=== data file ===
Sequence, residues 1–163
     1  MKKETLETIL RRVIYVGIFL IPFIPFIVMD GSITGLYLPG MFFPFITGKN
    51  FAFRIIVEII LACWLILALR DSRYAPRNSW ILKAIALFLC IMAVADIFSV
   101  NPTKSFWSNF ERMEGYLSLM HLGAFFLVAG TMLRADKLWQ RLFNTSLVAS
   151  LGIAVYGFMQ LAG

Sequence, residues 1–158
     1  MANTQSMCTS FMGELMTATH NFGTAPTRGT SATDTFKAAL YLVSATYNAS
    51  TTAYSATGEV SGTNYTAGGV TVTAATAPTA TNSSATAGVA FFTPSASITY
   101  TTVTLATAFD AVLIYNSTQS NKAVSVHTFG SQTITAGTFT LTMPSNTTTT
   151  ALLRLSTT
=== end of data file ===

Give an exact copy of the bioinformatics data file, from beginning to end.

Sequence, residues 1–163
     1  MKKETLETIL RRVIYVGIFL IPFIPFIVMD GSITGLYLPG MFFPFITGKN
    51  FAFRIIVEII LACWLILALR DSRYAPRNSW ILKAIALFLC IMAVADIFSV
   101  NPTKSFWSNF ERMEGYLSLM HLGAFFLVAG TMLRADKLWQ RLFNTSLVAS
   151  LGIAVYGFMQ LAG

Sequence, residues 1–158
     1  MANTQSMCTS FMGELMTATH NFGTAPTRGT SATDTFKAAL YLVSATYNAS
    51  TTAYSATGEV SGTNYTAGGV TVTAATAPTA TNSSATAGVA FFTPSASITY
   101  TTVTLATAFD AVLIYNSTQS NKAVSVHTFG SQTITAGTFT LTMPSNTTTT
   151  ALLRLSTT